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UPDATE: “Confessions”: Book IV: Chapters 9 – 16
We have finished Book IV of Augustine’s Confessions.
We had discussions on excessive materialism, rampant anti-intellectualism within the Church, the nature of the knowledge of God, and experiences with God’s immanence.
Here are our essays on these topics.
“Confessions: Book II”
We will go over all of Book II of Confessions for our next meeting.
In this Book , Augustine describes the onset of adolescence (he was around sixteen at the time – c. 370-371 AD) and enters what he seems to consider the most lurid and sinful period of his life. He describes how he returned home after having spent a year in Madaura, a nearby city where he had gone to study rhetoric. His parents had now expended their meager resources for his schooling, which led the young Augustine to take a year off and give him the opportunity to get into some trouble. He “ran wild,” he writes, “in the jungle of erotic adventures…and became putrid in [God’s] sight.”
“Imagining Barth and Nietzsche in Conversation” by Daniel Migliore and the Third Ed. of “Faith Seeking Understanding: An Introduction to Christian Theology”
Just as Project Augustine celebrates its two-year anniversary this month, Eerdmans Publishing will have the 3rd Edition of Faith Seeking Understanding: An Introduction to Christian Theology out next month.
Project Augustine started off with going through all of the 2nd Edition of Daniel Migliore’s Faith Seeking Understanding which you will find here in July of 2012.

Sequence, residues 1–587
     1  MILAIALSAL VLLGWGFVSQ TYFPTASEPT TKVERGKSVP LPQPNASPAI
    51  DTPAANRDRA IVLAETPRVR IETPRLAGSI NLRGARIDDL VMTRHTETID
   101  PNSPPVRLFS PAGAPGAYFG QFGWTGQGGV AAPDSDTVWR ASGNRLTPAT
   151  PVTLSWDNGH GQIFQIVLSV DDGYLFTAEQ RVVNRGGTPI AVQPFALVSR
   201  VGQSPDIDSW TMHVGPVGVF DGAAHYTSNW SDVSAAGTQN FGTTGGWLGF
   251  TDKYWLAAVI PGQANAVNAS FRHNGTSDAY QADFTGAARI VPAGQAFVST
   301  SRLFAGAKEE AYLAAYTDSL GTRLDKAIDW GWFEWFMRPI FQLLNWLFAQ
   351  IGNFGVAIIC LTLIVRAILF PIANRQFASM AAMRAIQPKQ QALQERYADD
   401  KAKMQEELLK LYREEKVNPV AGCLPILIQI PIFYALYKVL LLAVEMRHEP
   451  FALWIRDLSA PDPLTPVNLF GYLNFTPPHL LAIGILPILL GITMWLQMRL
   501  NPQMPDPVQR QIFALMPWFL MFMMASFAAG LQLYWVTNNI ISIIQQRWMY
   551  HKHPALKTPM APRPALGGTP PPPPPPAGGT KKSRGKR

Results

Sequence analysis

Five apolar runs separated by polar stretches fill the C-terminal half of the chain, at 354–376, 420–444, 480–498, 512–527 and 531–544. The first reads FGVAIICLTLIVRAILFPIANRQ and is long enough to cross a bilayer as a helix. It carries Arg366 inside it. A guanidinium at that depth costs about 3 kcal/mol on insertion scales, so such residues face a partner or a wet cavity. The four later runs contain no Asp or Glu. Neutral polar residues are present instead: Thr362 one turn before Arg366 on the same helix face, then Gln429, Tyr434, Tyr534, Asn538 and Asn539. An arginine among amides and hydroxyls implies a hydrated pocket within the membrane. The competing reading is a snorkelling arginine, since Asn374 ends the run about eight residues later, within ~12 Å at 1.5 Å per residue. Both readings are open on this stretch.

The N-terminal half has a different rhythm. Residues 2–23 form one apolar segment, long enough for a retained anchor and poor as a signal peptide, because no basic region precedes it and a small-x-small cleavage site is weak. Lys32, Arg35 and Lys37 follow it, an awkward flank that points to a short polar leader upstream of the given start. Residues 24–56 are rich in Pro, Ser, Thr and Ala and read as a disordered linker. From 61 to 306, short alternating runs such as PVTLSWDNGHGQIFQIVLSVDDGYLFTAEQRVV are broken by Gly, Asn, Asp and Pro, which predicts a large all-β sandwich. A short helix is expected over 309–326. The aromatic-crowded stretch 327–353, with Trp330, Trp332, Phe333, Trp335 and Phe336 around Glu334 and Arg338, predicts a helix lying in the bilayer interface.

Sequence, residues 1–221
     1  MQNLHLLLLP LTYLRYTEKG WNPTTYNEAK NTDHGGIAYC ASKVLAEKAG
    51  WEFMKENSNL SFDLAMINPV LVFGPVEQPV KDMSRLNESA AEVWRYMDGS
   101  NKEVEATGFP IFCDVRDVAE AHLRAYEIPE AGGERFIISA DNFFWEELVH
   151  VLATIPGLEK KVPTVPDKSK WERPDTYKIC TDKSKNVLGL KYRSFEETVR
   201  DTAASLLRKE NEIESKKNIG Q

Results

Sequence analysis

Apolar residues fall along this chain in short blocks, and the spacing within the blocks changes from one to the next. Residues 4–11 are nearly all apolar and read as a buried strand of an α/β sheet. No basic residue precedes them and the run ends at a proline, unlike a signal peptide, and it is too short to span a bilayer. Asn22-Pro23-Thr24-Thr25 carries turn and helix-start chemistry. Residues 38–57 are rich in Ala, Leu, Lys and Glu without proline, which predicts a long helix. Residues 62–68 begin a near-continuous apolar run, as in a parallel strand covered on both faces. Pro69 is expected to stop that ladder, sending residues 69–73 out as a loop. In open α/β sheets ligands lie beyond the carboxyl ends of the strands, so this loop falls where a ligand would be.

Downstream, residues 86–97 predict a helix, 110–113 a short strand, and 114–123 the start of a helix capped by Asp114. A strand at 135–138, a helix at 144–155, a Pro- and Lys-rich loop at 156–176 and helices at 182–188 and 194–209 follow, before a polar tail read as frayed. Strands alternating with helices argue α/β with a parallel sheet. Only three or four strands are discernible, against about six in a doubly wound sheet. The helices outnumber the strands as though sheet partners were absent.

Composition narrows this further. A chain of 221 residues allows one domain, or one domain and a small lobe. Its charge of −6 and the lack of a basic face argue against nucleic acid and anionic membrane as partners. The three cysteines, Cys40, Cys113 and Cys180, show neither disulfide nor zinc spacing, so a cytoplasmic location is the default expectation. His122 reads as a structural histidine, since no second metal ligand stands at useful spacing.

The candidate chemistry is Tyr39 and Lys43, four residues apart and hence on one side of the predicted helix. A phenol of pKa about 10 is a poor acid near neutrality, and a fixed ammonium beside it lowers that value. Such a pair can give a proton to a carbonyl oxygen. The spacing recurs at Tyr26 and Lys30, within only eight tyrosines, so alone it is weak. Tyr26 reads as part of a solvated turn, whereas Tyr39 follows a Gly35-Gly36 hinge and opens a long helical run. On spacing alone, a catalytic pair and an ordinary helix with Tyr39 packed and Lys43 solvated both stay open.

According to his article, Mr. Migliore will include a brand new section of an imaginary conversation between German philosopher Friedrich Nietzsche and German theologian Karl Barth.
From the article:
In my dialogue I try to avoid giving all the good lines to one of the speakers and reducing the other to a mere foil. My reason for doing so is that Nietzsche’s critique, even if dated, is in some respects devastating, and if I understand Barth’s way of doing theology aright, his response to the atheist challenge is not to try to defeat it by a clever apologetic strategy but instead simply to present as clearly as he can the Christian understanding of God centered in the person and work of Jesus Christ as attested in Scripture.
Our group took great joy going over Prof. Migliore’s book and we look forward to the new edition coming out next month.